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Visa applications: Warning signs and pitfalls 

Many agencies make false promises and then disappear bag and baggage with deposits, or they only do half of the work needed for a visa.

South Africans need to be more prepared when they make use of a middleman, especially to obtain work visas.

Warning signs to look out for

  • Promises that they can guarantee the issuance of a visa.
  • Offers of visas which you have not requested by email, mail, cell phone or on websites. In some cases, South Africans are even invited for personal interviews. If you have not enquired, do not respond to the offer.
  • Requests for advance payments so that you can register for your application.
  • The claim that only a particular company can contact the necessary department.
  • The claim that an agency has special or close ties with employees at embassies or the Department of Home Affairs.
  • Promises of an unrepeatable opportunity that is your “only” chance of getting a visa.
  • Agencies indicating that they must keep your original documents.

How to avoid the pitfalls

  • The Department of Home Affairs of the country for which you want to obtain the visa is the only body authorised to issue visas.
  • Pay close attention to the email address from which you receive the communication; make sure it is the same as the email address on the relevant department’s website.
  • You don’t need an agent to handle your payment. The one-time fee for a visa you can pay directly to the department or embassy.
  • Nobody can influence your application for a visa. Only staff of the department can issue the visa if you meet all the requirements.
  • The Department of Home Affairs of some countries have service providers in different regions that help them to handle applications. For example, Australia makes use of TLScontact for the African region. Make sure that the agency appears on the department’s website.
  • Never provide your personal information, credit card details or bank details in an email or over the phone.
  • If you suspect that you have shared your personal information with an underhand agency, contact your bank immediately.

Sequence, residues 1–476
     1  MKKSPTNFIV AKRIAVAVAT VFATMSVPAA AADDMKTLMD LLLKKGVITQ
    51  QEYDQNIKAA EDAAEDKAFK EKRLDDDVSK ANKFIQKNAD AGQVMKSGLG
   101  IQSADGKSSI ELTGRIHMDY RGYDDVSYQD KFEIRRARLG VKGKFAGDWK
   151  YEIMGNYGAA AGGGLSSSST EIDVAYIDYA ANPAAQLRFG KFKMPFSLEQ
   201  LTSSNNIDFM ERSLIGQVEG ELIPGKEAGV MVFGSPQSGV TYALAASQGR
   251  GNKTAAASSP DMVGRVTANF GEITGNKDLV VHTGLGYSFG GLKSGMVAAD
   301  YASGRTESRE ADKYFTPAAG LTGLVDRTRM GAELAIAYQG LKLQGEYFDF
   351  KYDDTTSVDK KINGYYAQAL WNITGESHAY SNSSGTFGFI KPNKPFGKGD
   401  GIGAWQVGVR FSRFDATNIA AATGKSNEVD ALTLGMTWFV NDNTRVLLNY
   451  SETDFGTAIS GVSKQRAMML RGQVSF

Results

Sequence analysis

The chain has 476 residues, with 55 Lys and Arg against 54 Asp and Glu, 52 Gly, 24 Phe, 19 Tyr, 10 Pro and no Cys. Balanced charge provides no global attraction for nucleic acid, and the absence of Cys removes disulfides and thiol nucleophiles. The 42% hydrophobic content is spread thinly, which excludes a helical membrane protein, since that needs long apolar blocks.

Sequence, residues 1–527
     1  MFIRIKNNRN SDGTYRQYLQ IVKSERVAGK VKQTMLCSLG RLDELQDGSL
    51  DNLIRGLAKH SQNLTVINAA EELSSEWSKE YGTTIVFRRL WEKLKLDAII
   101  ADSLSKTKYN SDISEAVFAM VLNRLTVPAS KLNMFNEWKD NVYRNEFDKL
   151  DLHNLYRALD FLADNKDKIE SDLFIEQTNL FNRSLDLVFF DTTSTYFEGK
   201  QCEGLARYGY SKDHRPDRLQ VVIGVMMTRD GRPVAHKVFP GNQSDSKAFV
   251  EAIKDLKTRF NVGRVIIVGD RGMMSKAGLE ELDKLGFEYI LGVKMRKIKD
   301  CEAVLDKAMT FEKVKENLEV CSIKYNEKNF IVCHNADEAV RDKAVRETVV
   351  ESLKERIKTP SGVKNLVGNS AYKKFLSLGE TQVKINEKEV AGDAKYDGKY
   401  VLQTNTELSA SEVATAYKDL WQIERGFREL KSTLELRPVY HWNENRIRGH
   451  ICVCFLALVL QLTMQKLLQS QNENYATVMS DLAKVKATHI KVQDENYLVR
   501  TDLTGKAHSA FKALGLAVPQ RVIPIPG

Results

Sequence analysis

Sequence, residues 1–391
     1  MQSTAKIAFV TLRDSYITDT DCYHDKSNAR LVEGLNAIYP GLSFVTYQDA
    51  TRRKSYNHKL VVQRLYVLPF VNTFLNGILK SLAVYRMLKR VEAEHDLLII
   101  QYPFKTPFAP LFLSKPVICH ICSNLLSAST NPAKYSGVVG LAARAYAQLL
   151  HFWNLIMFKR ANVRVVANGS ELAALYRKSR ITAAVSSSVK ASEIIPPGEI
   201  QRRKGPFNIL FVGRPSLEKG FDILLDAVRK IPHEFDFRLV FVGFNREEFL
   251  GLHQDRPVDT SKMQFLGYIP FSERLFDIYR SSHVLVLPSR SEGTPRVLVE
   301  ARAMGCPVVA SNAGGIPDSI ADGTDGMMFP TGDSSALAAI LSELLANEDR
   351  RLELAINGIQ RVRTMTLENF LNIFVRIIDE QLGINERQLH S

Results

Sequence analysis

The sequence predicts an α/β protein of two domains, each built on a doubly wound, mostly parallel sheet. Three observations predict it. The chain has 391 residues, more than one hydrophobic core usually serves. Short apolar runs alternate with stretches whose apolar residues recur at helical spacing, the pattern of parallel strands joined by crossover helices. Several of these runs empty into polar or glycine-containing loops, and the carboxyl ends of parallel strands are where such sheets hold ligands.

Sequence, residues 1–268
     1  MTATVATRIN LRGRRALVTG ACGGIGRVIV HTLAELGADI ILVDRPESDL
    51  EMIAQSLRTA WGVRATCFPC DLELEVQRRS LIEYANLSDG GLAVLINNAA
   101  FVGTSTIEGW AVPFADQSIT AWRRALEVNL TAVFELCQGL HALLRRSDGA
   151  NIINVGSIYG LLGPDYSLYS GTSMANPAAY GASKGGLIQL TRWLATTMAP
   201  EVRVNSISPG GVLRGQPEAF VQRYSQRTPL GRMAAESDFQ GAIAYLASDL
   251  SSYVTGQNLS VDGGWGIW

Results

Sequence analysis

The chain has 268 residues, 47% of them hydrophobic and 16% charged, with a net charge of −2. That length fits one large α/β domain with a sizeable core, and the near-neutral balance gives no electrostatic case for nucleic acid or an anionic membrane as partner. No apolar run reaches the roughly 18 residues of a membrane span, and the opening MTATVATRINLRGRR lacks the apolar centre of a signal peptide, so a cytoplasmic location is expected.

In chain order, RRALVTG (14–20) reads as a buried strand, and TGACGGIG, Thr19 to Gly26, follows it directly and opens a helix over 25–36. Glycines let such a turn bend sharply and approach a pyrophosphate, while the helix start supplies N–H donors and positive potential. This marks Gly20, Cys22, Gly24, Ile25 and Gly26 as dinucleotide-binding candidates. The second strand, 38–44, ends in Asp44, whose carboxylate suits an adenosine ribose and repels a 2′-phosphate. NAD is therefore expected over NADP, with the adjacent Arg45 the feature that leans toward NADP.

All applicants are responsible for ensuring that they understand the process required to obtain a visa. Make sure you are familiar with the process, even if an agent is assisting you.

The following general steps are usually followed for visa applications:

Step 1:    
Get a passport.

Step 2:    
Decide what kind of visa you need. This is determined by your occupation, how long you plan to be there, why you are going, and whether you are a student.

Step 3:    
Complete all required visa documentation for the visa code that you apply for. Submit a passport photo with your application.

Step 4:    
Pay when you submit your application.

Step 5:    
Depending on the country you apply for, you may be invited for a personal interview with an immigration agent.

Step 6:    
You may be asked to submit prove of your income or to provide medical documentation indicating your current health status before your visa is issued.

Travelling or going to work abroad involves a process, and the biggest obstacle to overcome is always the visa. Do not let the administration discourage you. Talk to people who have been through the process and you will soon get the hang of it. If you are using agents, make sure you have reliable confirmation that they do provide the services they promise.

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